The Sugar Cube to go Brick-and-Mortar

SE Hawthorne’s iconic bakery-on-wheels sells to Hungry Heart Desserts, as baker talent Kir Jensen hones a Sugar Cube concept to open later this year.

By Karen Brooks April 24, 2013

In 2008, the Sugar Cube’s conceptual Betty Crocker cupcakes and “triple chocolate threat” cookies sent early smoke signals from Portland’s budding food-cart blocks downtown. The Amy Winehouse Cupcakes said it all, chocolate frosting as elegant as Audrey Hepburn garnished with a brazen “coke” straw and a pile of powered sugar. A new day in baking, indeed.

Five years later, with a wall of accolades and The Sugar Cube cookbook under her belt, ambitious baking talent Kir Jensen has sold her celebrated Southeast Portland trailer cart to pursue a longtime brick-and-mortar dream. Negotiations are under way for a Sugar Cube concept that will involve “all things sweet and delicious,” according to Jensen.

Three-year-old mobile truck Hungry Heart Cupcakes is wheeling into the tented outdoor lot alongside sandwich phenom Lardo at 1212 SE Hawthorne Boulevard. Owner Jax Button, 28, plans to stash her road-ready purple truck on the lot for on-call events. But the larger goal is to repaint and rebrand the former Sugar Cube cart as Hungry Heart Desserts, opening May 4. The new cart will showcase Hungry Heart’s creative mini-cupcakes plus a new line of desserts.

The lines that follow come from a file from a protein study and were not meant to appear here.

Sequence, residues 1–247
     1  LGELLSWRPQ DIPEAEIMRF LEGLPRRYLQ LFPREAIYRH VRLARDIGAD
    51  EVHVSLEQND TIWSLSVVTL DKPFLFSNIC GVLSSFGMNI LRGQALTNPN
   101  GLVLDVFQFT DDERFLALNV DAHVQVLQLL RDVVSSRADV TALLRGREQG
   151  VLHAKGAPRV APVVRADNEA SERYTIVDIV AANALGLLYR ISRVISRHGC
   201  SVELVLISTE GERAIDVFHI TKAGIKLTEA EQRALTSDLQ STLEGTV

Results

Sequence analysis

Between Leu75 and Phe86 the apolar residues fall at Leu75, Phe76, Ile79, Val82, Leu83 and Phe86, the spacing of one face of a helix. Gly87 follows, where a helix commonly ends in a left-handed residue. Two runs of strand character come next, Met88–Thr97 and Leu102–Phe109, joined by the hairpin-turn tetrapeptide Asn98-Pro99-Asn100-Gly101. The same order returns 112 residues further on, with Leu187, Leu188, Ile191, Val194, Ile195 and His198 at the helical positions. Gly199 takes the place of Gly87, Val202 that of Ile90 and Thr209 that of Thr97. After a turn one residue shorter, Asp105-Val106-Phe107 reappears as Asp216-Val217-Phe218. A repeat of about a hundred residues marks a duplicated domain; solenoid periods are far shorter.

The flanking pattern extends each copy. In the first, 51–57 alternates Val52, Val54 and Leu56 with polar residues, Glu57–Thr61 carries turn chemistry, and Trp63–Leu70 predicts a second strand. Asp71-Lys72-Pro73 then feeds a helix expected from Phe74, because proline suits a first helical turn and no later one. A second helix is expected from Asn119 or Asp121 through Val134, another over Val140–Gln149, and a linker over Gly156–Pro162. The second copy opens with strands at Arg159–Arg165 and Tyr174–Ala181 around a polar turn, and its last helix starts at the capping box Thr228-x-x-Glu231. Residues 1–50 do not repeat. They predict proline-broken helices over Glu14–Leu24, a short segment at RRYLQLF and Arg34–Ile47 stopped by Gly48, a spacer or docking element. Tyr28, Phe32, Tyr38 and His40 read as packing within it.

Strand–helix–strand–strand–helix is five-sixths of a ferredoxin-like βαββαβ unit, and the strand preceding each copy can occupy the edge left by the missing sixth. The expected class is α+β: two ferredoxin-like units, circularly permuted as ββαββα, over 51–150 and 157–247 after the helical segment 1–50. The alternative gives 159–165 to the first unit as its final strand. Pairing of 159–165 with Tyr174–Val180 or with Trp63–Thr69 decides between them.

Early on, expect a handful of rotating cupcakes like HH’s popular “Dark & Dusty”—a salted caramel spin with chocolate cake, cocoa nibs, dulce de leche frosting, and maldon salt. And always, says Button, watch for one specialty flavor from the HH lab. Bacon, booze, cocoa nibs, and seasonal fruit factor into her formula. Button gets giddy talking about her weekend-only “Bourbon Breakfast pancake cupcake,” chunked with bourbon apples and maple frosting, with bacon shards on top. 

Cupcakes will sell for a very wallet-friendly $1.50—or $5.50 for a mix-and-match “four pack.” The cart is equipped with a convection oven, butcher block counter tops, and baking racks—Button plans to take advantage with experimental panna cottas and others sweets. She plans to dispense calories day and night, Wednesday through Saturday. Meanwhile, good neighbor Lardo will serve a few Hungry Heart treats, even when the cart is closed.

Jensen is overdue for the next step. She overgrew confines of the cart over a year ago, as national press mounted. Even from a cart window, she offered an original lineup, always changing, and rarely less than outstanding. “The cart proved what I can do in a meager space,” she says. “I can only imagine what my full capabilities will be. I’m excited to have a home front, permanent, to create the world I always intended for the cart.” The Sugar Cube kickstarter video is coming. And if all goes well, so is good news. Stay tuned.

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